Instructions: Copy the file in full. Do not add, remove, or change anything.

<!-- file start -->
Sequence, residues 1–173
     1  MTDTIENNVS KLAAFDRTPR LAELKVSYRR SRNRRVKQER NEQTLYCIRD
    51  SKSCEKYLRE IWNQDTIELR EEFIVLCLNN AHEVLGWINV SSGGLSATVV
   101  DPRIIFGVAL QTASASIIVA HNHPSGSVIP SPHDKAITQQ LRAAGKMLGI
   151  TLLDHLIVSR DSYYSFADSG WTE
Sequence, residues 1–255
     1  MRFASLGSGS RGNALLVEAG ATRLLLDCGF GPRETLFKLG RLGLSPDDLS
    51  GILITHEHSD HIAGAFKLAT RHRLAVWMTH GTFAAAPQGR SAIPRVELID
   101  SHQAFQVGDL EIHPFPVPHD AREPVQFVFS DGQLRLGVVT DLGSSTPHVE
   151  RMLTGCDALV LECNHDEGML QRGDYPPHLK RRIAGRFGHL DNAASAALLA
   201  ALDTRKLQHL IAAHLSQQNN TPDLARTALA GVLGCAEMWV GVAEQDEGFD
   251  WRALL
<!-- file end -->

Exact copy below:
Sequence, residues 1–173
     1  MTDTIENNVS KLAAFDRTPR LAELKVSYRR SRNRRVKQER NEQTLYCIRD
    51  SKSCEKYLRE IWNQDTIELR EEFIVLCLNN AHEVLGWINV SSGGLSATVV
   101  DPRIIFGVAL QTASASIIVA HNHPSGSVIP SPHDKAITQQ LRAAGKMLGI
   151  TLLDHLIVSR DSYYSFADSG WTE
Sequence, residues 1–255
     1  MRFASLGSGS RGNALLVEAG ATRLLLDCGF GPRETLFKLG RLGLSPDDLS
    51  GILITHEHSD HIAGAFKLAT RHRLAVWMTH GTFAAAPQGR SAIPRVELID
   101  SHQAFQVGDL EIHPFPVPHD AREPVQFVFS DGQLRLGVVT DLGSSTPHVE
   151  RMLTGCDALV LECNHDEGML QRGDYPPHLK RRIAGRFGHL DNAASAALLA
   201  ALDTRKLQHL IAAHLSQQNN TPDLARTALA GVLGCAEMWV GVAEQDEGFD
   251  WRALL